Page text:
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Malaysia mulls freezing intake of foreign workers

KUALA LUMPUR, June 9, 2011 (AFP) - Malaysia is considering freezing the intake of foreign workers if it grants an amnesty and the right to work to the estimated two million illegal immigrants, a senior official said Thursday.

Malaysia has one of Asia's largest populations of foreign labourers, mostly from other Southeast Asian countries, who do menial work shunned by locals in such industries as plantations, construction, manufacturing and services.

A cabinet committee will decide later this month whether to approve a proposal to grant amnesty to illegal immigrants, home ministry deputy secretary general Raja Azahar Raja Abdul Manap told AFP.

Authorities estimate up to two million people live and work in Malaysia illegally, in addition to another two million legal foreign workers.

The amnesty proposal came from the cabinet committee's workshop last year to address the issue of legal and illegal foreign workers, Raja Azahar said.

He said those without documents would need to get employers to sponsor them to be able to work under the new scheme. Those without work would have to leave the country.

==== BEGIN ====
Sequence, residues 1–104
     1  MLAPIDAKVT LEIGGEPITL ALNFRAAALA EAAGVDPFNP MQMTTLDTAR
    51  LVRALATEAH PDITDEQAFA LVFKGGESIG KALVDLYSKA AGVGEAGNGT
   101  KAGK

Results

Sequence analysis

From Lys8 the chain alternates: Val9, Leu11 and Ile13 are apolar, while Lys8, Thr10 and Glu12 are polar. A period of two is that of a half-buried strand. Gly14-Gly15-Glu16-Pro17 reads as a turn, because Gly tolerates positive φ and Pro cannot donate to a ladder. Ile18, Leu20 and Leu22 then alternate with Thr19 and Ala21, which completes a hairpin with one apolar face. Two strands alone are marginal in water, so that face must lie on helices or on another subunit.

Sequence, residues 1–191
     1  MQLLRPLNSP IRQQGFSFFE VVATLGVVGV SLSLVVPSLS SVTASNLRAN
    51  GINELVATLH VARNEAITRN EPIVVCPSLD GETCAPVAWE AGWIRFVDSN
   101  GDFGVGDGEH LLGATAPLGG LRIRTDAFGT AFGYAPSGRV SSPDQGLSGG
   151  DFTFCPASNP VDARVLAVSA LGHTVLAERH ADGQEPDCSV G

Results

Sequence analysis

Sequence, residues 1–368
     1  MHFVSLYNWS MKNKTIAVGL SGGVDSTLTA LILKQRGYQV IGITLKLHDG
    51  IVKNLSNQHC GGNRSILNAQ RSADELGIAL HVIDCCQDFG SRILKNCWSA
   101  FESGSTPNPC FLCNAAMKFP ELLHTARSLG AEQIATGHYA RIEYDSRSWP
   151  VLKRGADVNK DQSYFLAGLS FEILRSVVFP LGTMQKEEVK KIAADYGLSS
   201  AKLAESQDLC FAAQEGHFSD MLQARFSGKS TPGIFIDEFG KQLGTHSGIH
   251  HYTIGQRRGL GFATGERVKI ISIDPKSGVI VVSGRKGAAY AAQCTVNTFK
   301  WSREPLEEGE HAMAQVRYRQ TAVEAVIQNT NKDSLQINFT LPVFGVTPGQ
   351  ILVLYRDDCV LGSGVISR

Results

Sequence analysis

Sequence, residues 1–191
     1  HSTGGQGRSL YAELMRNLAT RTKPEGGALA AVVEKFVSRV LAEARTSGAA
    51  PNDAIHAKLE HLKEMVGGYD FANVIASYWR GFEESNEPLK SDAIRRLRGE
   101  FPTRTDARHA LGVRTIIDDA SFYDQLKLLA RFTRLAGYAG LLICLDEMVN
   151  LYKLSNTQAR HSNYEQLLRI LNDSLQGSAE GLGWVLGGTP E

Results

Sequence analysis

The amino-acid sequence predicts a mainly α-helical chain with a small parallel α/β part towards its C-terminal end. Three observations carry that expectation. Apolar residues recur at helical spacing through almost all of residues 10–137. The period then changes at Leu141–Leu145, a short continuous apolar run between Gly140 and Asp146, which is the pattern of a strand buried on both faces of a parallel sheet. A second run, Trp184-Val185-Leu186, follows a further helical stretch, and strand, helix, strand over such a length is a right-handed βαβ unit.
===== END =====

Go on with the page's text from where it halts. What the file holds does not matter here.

"If the government decides for the amnesty programme, then we will freeze the intake (of other foreign workers)," he said.

"We give (those who are illegal) a chance. If they want to work, they can apply but they have to look for sponsors," Raja Azahar added.

He could not say how long the amnesty programme would last nor how many jobs, or which industries, would be filled this way.

If the cabinet committee meeting on June 22 approves the proposal, the freeze on foreign workers will start July 1, he said.

Home Minister Hishammuddin Hussein said earlier this week that the scheme would allow illegal immigrants to gain employment and not be exploited by human traffickers.

 

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